Le 13-janv.-06, à 04:56, Stathis Papaioannou a écrit :

I sympathise with the conclusions of the young Danny, but there is a philosophical non sequitur here. The fact that I would like something to be true, or not to be true, has no bearing on whether it is in fact true. I don't like what happened in Germany under the Nazis, but that doesn't mean I should believe the Nazis did not exist, so why should my revulsion at the thought of infidels burning in Hell lead me to believe that God and Hell do not exist? It might make me reluctant to worship such a God, but that is not the same as believing he does not exist.

Totally agree.

But if it's scientific, it's not religion, is it? Religion means believing something in the absence of sufficient evidence.

But here the word "evidence" is too large. Imagine two seconds that Christian religion is true and you face God after your earthly existence. In that case you would have evidence for the existence of God. Would it be a reason to stop believing in religion? At the same time, operationally I do somehow agree with you, but then you should accept the idea that many scientist are religious in the sense that many scientist believe in the existence of a stuffy or substancial primitive physical reality, but obviously there are no evidence at all for this. No physicists does even postulate it in scientific paper. (People confuse often the belief in a reality and a belief in a physical reality).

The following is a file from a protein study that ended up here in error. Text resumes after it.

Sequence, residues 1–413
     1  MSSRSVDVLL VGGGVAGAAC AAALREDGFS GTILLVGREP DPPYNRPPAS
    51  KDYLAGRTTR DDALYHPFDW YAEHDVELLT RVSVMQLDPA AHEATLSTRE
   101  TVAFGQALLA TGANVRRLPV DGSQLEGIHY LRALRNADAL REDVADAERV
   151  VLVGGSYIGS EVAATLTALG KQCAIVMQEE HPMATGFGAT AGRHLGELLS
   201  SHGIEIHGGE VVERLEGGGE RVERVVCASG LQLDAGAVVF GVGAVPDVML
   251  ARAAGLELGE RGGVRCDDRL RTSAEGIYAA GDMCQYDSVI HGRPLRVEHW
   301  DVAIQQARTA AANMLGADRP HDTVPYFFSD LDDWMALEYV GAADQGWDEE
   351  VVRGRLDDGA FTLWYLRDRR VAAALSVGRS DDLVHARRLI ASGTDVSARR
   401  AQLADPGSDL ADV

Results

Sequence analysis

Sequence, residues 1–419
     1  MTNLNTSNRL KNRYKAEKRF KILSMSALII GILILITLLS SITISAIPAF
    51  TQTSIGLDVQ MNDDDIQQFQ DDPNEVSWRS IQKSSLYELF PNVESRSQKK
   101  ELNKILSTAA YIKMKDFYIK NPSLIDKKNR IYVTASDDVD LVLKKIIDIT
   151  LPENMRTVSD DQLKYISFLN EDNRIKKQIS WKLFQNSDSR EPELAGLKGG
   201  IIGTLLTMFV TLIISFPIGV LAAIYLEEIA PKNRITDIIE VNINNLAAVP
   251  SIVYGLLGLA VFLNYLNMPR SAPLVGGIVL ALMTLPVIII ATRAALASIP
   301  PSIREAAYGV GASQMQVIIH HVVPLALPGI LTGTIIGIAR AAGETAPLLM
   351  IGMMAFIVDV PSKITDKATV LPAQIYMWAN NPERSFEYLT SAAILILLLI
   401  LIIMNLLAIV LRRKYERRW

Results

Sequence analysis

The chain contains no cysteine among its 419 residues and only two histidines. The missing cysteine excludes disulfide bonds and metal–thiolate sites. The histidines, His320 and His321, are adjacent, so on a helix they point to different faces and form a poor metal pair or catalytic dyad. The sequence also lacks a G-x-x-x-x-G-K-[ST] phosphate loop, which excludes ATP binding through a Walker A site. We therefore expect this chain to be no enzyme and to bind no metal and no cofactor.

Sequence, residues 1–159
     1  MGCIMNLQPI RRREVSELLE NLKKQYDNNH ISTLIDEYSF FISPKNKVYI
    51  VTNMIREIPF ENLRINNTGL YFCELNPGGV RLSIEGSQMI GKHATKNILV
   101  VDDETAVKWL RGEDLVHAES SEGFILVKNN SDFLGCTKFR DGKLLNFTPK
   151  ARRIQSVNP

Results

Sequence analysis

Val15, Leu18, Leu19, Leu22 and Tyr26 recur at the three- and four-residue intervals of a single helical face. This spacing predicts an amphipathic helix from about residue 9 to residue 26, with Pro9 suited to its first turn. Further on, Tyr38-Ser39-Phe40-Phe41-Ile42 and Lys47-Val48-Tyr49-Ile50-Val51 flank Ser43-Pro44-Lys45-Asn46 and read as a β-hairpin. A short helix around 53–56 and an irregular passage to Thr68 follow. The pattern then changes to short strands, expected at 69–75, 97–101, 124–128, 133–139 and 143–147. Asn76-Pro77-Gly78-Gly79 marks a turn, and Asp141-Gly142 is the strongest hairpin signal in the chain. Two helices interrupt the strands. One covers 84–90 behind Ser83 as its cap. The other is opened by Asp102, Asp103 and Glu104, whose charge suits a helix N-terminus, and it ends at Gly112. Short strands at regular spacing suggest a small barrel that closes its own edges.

Bruno


http://iridia.ulb.ac.be/~marchal/


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